- The JDBC 2.0 Optional Package (including DataSources, JNDI, and connection pooling)
- Basic SQLJ tutorial
- Database performance issues
- Object-oriented databases in Java (the Object Database Management Group, ODMG, 3.0 specification and the Object Query Language, OQL, introduced)
- Directory services and JNDI (including LDAP basics)
- Overview of Web architectures
- Java servlet tutorial (including cookies, session tracking, and database access)
- Servlets and JDBC
- JSP tutorial (including basic syntax, JavaBeans, and database access)
- Basic XML tutorial (including the Simple API for XML, SAX)
- Introduction to WAP and WML
- Enterprise JavaBeans tutorial (including session and entity beans, transactions and the EJB 2.0 standard)
- The Java Transaction API (JTA) and the Java Transaction Service (JTS)
- EJB clients
- Scalability issues with EJBs
- Sample online PIM
- J2EE messaging
- Java Data Objects (JDO)
- Case studies for an XML-based Web portal
- An application for the statistical analysis of Web traffic and a Web data toolkit
- Basic SQL tutorial
- Java serialization APIs
- Overview of Java distributed applications
- Configuring Tomcat, JRun, and Orion
Java provides versatile technologies for data access and manipulation. This book investigates these technologies in detail and shows how they can be used to develop robust enterprise applications.
The book is divided into five sections, the first of which looks at data and object modeling. The second section investigates accessing data in relational and object oriented databases, and directory services. The focus of the following section is data presentation for web clients. The fourth section covers Enterprise JavaBeans and distributed applications. The last section of the book consists of four real-world case studies that build on the previous chapters of the book. Transactions, performance, and scalability of data applications are also discussed throughout the book.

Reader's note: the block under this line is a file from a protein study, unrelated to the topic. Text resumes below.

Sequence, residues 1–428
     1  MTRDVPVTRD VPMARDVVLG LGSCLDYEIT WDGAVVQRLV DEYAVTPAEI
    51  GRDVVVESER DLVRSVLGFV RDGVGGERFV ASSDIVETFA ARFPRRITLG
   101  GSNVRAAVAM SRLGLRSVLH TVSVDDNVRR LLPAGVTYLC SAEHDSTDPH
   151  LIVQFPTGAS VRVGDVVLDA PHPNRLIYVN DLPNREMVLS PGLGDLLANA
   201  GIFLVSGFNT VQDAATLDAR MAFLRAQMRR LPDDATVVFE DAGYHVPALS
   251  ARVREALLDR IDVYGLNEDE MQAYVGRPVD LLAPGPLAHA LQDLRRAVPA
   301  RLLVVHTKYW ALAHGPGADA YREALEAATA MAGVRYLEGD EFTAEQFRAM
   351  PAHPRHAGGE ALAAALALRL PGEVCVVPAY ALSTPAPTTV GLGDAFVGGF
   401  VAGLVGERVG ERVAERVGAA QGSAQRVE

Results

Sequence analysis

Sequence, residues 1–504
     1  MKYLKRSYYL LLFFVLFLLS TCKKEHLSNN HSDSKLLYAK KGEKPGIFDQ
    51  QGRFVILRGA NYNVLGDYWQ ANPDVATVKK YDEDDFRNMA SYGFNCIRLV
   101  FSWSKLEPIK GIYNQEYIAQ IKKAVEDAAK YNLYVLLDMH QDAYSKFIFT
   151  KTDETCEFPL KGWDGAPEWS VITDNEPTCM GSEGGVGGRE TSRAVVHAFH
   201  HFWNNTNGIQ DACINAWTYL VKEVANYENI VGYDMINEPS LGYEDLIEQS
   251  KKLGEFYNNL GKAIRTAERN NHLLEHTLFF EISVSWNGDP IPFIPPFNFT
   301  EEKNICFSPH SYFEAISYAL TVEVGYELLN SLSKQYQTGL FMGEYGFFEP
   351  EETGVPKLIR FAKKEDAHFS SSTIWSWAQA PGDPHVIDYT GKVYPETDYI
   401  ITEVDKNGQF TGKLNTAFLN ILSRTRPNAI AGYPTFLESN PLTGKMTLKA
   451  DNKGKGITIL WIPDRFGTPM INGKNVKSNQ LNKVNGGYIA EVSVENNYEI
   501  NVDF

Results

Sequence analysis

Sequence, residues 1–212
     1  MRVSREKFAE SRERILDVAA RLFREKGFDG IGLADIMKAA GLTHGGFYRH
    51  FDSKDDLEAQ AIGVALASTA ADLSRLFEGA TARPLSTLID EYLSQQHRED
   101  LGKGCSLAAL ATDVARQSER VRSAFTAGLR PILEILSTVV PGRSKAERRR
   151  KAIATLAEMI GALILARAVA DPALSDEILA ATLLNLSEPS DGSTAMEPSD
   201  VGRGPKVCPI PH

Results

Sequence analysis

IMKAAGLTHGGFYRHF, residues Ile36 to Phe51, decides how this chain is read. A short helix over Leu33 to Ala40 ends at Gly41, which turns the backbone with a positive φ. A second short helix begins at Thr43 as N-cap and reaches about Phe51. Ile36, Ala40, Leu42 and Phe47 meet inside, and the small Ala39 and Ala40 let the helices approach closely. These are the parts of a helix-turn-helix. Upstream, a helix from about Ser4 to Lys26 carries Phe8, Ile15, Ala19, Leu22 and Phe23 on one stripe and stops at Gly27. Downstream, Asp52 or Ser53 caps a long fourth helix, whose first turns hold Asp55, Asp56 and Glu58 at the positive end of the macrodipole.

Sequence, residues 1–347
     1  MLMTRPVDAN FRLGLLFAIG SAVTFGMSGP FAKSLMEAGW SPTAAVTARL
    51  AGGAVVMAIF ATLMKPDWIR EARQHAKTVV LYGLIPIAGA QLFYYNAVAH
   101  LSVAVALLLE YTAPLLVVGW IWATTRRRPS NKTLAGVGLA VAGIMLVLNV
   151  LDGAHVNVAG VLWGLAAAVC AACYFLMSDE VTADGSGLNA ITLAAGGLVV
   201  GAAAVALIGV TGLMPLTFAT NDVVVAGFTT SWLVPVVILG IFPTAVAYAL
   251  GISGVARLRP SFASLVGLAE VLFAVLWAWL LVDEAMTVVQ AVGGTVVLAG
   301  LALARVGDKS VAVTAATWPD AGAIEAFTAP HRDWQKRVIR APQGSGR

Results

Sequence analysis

- Paperback: 1300 pages
- Publisher: Peer Information Inc.; edition ()
- ISBN: 1861004109
- Average Customer Review: Based on 2 reviews.
- Amazon.com Sales Rank: 536221
21 of 27 people found the following review helpful:
Wrox May Need To Review Its Book-Publishing Process!, Aug 2, 2023
I mostly agreed with Eric Ma. There are some areas that Wrox needs to review the whole process of publishing Java-related books. Here are some drawbacks that I can draw from reading recent Java-related books:
(1) Repeated Contents: Materials about Servlet, JSP, EJB, JNDI, JDBC, XML, etc are repeated over and over many books. This could waste time, money, and papers for both Wrox and readers.
(2)Books or Articles?: I asked myself: is Wrox publishing books or articles? Each book is written by many authors and the book's flow is inconsistent. The assessment that it is not a book but a collection of articles may partially true. It is true that a book if written by a team of authors could speed up the process of releasing it, but if Wrox editors and coordinators have to do their better jobs.
I suggest that Wrox should review its strategy of publishing books to avoid the repeating of materials over and over and thus bring down the cost associated with publishing the books. The final result is: readers and publisher will both save time and money. Otherwise, readers will loose their belief with Wrox.
34 of 36 people found the following review helpful:
Decent survey of JDBC, but with extra fat to be trimmed, Jul 8, 2023
For the past 2 years Wrox has been publishing books dedicated to Windows-based data access (ADO etc.), but the same cannot be said about their Java/database collection. Although you find chapters on JDBC scattered all-over almost all server-side Java related books by Wrox, there was no single volume from them that teaches JDBC first, and then show how it is used by the newer dependent technologies, until this book arrived. After looking through this book, I must say the authors and editors have done a rather commendable job.